HC Deb 27 July 1965 vol 717 cc220-2
Q4. Mr. Blaker

asked the Prime Minister what steps he is taking to co-ordinate the activities of Departments concerned with the sale of British arms overseas.

The Prime Minister

If the hon. Member is concerned about co-ordination as it affects the positive selling of arms, I would refer him to the Answer given to him by my right hon. Friend the Secretary of State for Defence on 21st July.

Mr. Blaker

Is the Prime Minister aware that on that occasion his right hon. Friend said that Sir Donald Stokes and the "super arms salesman", when appointed, would be concerned with the sale of secondhand arms, as well as the sale of new arms? How does he reconcile that statement with his own call on 16th December for a ban on the bloody traffic in secondhand arms?

The Prime Minister

I was referring to the extremely dangerous practice going on, which have been debated many times in the House, under which arms are transferred from Governments to private salesmen, who have been going all over the world selling arms to troublemakers and many of them have been used against British troops. My right hon. Friend's statement referred to Government-permitted sales to our allies and Commonwealth partners, whether they be new or secondhand arms. There is all the difference in the world between those two things.

Mr. Ennals

Would my right hon. Friend agree that it is still the policy of the Government not to sell arms to South Africa?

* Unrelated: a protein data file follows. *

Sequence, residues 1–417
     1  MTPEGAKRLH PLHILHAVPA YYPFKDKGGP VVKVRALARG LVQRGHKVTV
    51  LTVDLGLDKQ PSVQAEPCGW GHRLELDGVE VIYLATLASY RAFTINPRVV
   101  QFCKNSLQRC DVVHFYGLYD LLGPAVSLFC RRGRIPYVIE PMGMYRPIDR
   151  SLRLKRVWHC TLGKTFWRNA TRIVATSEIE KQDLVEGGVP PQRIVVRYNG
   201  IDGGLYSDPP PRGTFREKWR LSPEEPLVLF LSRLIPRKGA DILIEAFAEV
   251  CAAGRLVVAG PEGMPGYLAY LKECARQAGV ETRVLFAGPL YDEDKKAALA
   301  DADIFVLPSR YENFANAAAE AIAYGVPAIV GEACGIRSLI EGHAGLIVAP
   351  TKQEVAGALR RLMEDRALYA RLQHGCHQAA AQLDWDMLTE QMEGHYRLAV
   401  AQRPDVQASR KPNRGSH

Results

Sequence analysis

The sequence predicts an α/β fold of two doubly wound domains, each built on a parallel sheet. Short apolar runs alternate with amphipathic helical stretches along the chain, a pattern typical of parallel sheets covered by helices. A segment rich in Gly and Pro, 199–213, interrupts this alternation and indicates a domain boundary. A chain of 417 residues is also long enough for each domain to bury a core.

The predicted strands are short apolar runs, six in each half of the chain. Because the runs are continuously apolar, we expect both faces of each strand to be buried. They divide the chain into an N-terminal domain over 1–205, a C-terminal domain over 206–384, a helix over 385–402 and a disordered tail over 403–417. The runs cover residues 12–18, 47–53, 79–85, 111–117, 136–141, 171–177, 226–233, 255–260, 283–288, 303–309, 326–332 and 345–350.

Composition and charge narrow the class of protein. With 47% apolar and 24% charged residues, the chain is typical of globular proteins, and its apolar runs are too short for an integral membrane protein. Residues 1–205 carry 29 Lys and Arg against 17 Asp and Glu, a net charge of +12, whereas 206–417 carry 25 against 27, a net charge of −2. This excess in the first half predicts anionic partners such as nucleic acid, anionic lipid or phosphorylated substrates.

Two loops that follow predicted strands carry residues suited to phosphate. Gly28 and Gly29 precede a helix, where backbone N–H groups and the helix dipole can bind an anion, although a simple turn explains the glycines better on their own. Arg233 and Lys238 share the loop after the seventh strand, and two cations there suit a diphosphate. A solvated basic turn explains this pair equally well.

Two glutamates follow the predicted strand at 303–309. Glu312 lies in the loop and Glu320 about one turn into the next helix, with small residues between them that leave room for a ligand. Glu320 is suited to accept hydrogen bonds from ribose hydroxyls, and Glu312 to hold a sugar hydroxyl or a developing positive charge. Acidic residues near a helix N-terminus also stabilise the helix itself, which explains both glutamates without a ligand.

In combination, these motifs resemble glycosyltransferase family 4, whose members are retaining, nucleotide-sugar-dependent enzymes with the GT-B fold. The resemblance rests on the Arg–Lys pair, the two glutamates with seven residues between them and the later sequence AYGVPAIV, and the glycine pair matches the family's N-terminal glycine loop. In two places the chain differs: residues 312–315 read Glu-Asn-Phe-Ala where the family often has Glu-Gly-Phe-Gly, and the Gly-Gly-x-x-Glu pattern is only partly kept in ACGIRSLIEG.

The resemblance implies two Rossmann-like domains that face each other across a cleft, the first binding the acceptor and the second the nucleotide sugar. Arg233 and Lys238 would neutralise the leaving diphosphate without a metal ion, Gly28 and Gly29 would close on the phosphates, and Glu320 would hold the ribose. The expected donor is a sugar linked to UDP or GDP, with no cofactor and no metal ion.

The Prime Minister


Mr. Emrys Hughes

Could my right hon. Friend assure us that we will not speed up arms and slow down housing? Is he aware that there is a great danger that this might lead to an inflation of the arms industry at a time when we need all the skilled labour for the advanced factories?

The Prime Minister

There is no question of speeding up arms production. We have had a number of historic debates in this Session when we have been voting in respect of cutting down on aircraft and other arms programmes which have become irrelevant to our defence needs. Where there is an agreement to arm some of our allies in N.A.T.O., we feel that United Kingdom types of weapons should be used and not exclusively American weapons, some of which have been sold as a result of pretty high pressure salesmanship.

Mr. Peter Thomas

Is the ban on the sale of secondhand arms still the policy of the Government, and do the Government intend to make any proposals in this field at the forthcoming disarmament conference?

The Prime Minister

I should not like to say at the moment whether it is appropriate at the disarmament conference or for straight handling at the United Nations. It is, and has been under successive Governments, the policy to keep very strict control over the sale of secondhand arms from this country. In my statement last December and previous statements I was concerned with international arms traffic through international privateers.